Three Children in a Marianas Trench-Coat

Earlier, I was discussing the rule that one shouldn’t criticise a solution unless one was prepared to offer an alternative. As I am not the only Lovecraftian in my circle, the discussion swept over whether Yog-Sothothery was an exception, which reminded me of some strange realisations I had as a younger man about the casting of a live-action Cthulhu.

And by younger man, I mean a couple of years ago.

If I had to pick one actor to play Cthulhu, I’d cast Andy Serkis because of the subtle oddity of his Gollum in Jackson’s Lord of the Rings films.

A man holding his head in his hands
I said cosmic dread not bread!
©NateCC BY-NC-ND 2.0

However, given the option, I wouldn’t cast an actor; I’d cast several actors and have each of them do a selection of distance and close scenes. While many actors are superb at mimicking another person’s movements, with multiple actors playing the same character is unlikely they would all be a perfect copy of each other; thus, Cthulhu would visually be the same character in every scene but wouldn’t have the visceral consistency of motion that a single person has, creating an unconscious perception of “otherness” in the viewer’s mind.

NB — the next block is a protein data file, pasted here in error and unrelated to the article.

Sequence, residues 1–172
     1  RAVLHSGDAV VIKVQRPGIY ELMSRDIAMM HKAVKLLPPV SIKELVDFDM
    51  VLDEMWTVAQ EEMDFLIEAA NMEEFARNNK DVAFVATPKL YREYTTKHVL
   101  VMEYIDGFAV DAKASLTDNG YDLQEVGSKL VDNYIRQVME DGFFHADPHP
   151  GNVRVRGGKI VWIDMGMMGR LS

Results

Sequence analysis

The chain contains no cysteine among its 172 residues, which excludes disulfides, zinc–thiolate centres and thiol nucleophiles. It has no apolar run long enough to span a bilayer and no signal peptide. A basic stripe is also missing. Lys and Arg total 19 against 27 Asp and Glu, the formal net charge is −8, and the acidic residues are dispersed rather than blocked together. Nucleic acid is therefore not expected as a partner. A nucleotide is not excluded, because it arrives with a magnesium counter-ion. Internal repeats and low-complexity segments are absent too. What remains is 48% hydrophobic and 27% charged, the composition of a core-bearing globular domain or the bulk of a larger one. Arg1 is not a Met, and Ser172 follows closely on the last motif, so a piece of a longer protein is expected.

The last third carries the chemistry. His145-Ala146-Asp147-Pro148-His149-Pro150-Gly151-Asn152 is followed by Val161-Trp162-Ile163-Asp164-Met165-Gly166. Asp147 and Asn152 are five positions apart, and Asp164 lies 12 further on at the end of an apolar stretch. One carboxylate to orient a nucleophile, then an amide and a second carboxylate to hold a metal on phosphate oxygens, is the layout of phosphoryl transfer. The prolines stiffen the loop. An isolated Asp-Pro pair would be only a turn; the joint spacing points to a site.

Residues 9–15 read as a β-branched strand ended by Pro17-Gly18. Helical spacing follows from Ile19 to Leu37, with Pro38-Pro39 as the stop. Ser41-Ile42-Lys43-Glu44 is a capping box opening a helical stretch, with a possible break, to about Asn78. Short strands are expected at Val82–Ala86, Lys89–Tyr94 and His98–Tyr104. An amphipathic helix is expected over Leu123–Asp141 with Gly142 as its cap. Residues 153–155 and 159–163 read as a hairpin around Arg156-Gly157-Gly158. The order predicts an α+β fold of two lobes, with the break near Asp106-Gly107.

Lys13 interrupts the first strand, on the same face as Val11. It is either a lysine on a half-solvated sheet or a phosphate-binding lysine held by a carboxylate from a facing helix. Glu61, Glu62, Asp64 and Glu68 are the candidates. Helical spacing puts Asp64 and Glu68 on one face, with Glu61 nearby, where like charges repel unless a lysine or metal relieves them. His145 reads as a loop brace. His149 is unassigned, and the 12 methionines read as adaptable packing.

If I was really going for the unconscious oddity, I might use the actors who played the various significant characters as the group that played Cthulhu; thus adding an imperceptible echoing of others to the self-dissonance.

Any of you think this wouldn’t work, or have a good idea for how to capture the indescribably otherness of Cthulhu? Or have encountered a film that has already tried my portmanteau casting idea?


3 thoughts on “Three Children in a Marianas Trench-Coat

  1. Given that Cthulhu is not human, I’m not sure that any human or combinations of different humans could do a good job of representing him. Surely some sort of technological creation would better convey a sense of utter non-humanness?


    1. My issue with technological creations to portray Yog-Sothothery in live action media is the way the mind automatically uses “normal” to unconsciously label other things as fake. While solutions might develop to achieve it in the future, at the moment combining live action people with purely generated places/creatures creates an unconscious contrast in “realness!”; I find the most “real” portrayals of Yog-Sothothery are animation because the benchmark of “normal” human is animated so animated otherness is no more fake. So, ironically, the most cosmically dreadful live action Cthulhu I’ve seen is in the HPLS homage to black and white movies because the humans are stylised too.


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